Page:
Other works included The Case of Charles Dexter Ward; Cool Air (once adapted into a comic called Baby, It’s Cold Inside); the Dreamland stories; The Dreams in the Witch House; The Dunwich Horror; The Festival; From Beyond; a parody of Frankenstein eccentrically titled Herbert West—Reanimator; In the Walls of Eryx, Lovecraft’s only science fiction pulp piece; The Music of Erich Zann; The Nameless City; The Outsider; The Rats in the Walls; The Shunned House; an unusual parody called Sweet Ermengarde; The Temple; The Thing on the Doorstep; and The Whisperer in Darkness. Many of these stories aren’t horribly racist and some are quite profound. His creations were also used freely — indeed, with his urging — by a group of his contemporaries known as the ‘Lovecraft Circle’.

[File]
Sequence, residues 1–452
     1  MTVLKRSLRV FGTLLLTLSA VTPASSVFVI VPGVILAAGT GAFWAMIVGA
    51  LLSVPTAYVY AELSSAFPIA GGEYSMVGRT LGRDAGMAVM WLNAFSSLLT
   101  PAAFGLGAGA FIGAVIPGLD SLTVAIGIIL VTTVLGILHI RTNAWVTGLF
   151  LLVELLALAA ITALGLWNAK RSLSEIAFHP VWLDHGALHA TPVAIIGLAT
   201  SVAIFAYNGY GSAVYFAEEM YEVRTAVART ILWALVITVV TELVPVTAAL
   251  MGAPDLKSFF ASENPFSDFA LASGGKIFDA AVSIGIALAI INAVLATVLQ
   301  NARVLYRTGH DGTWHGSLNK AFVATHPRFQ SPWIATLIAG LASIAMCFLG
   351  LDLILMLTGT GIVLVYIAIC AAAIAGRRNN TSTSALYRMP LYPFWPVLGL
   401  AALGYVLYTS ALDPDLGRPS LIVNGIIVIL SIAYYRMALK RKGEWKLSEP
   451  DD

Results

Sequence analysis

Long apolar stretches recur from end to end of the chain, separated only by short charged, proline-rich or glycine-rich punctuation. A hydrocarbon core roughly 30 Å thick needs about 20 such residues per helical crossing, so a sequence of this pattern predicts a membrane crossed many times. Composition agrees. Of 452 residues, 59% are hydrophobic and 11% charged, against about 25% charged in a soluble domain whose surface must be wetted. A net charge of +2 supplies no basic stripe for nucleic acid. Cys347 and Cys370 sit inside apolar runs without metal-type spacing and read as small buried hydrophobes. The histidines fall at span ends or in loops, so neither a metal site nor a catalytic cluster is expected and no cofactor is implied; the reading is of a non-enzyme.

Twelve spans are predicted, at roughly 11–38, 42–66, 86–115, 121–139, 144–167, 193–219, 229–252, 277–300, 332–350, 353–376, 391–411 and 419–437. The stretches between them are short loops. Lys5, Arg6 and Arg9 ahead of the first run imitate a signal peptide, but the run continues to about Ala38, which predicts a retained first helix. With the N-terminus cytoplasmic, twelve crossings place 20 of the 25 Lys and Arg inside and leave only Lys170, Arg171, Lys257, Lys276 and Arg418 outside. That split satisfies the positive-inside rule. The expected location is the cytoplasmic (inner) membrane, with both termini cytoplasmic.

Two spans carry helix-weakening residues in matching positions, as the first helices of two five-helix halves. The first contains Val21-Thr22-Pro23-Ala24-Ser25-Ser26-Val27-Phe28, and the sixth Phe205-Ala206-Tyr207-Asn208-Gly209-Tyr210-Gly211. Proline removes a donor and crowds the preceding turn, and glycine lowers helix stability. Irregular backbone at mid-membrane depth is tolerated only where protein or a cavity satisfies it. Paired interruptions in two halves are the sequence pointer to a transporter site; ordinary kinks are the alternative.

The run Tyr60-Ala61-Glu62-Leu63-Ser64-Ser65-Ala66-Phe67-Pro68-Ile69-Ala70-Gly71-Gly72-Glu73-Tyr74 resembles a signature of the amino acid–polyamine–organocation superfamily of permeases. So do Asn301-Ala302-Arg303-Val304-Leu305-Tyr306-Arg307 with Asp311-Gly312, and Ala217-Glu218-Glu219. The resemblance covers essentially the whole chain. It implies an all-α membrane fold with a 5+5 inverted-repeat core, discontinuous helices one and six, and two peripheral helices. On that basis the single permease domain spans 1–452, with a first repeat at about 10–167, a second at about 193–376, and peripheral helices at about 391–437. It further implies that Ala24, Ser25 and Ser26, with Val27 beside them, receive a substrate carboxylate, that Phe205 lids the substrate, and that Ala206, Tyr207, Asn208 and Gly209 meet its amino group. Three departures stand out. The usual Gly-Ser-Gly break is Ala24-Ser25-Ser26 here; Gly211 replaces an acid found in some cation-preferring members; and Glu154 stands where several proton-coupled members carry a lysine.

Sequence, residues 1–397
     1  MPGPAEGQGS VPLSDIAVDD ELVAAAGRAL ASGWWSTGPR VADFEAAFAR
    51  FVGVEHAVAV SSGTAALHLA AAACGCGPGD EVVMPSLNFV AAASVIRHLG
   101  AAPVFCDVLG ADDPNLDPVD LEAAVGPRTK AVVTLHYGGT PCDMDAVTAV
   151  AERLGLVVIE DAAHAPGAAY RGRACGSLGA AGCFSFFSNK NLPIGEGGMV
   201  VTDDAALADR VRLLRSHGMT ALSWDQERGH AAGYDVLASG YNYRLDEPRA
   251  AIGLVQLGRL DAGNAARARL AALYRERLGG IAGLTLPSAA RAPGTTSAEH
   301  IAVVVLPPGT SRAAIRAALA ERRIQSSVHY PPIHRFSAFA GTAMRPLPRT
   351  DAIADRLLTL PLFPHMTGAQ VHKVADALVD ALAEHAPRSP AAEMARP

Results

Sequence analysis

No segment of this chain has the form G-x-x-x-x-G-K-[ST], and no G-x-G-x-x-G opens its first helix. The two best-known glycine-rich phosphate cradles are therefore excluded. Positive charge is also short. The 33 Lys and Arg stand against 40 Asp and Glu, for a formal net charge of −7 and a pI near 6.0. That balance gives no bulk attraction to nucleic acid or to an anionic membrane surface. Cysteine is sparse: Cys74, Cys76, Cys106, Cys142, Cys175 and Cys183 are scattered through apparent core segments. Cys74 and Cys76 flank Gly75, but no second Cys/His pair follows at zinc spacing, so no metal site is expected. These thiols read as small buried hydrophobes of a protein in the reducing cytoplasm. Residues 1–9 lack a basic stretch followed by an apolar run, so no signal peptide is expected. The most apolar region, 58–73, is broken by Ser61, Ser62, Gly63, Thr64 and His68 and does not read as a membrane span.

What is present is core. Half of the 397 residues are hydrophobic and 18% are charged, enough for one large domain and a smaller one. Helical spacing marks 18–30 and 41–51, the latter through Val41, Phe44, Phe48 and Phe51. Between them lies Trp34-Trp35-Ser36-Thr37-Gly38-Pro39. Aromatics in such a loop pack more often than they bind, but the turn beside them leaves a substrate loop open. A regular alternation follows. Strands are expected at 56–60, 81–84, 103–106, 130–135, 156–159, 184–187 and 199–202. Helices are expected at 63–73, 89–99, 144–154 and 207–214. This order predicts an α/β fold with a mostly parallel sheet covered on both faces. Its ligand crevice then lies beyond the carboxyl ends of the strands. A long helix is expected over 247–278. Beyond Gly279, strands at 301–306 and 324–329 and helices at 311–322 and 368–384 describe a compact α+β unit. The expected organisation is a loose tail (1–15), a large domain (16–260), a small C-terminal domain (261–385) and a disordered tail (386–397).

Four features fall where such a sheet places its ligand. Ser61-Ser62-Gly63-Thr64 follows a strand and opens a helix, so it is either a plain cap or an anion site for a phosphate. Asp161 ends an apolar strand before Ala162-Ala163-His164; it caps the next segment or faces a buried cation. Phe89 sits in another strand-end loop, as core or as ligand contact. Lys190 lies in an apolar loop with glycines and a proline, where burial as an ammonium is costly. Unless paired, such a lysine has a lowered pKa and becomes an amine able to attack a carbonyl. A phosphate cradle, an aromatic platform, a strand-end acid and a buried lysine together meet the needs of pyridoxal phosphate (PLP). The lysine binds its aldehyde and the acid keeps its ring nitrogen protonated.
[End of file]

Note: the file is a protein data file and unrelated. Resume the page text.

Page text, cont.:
Influence on popular culture
Lovecraft’s legacy lives on in the work of many writers and other artists. A number of well-known horror and fantasy writers, including Stephen King, Ramsey Capmbell and Neil Gaiman, cite Lovecraft as one of their primary inspirations and have written Cthulhu Mythos stories. Anthologies of new Cthulhu fiction continue to be popular, with the Black Wings series edited by S. T. Joshi and the Innsmouth anthologies, edited by Stephen Jones, showcasing the work of a number of contemporary writers who continue to explore the mythology.
Lovecraft’s influence even extends to creators of Japanese manga and anime such as Junji Ito, Hideyuki Kikuchi, and Chiaki J. Konaka. Various science fiction works have also drawn inspiration from Lovecraft’s alien monsters, and the less that is said here about tentacle fetishes that have grown out of Cthulhu obsessions, the better.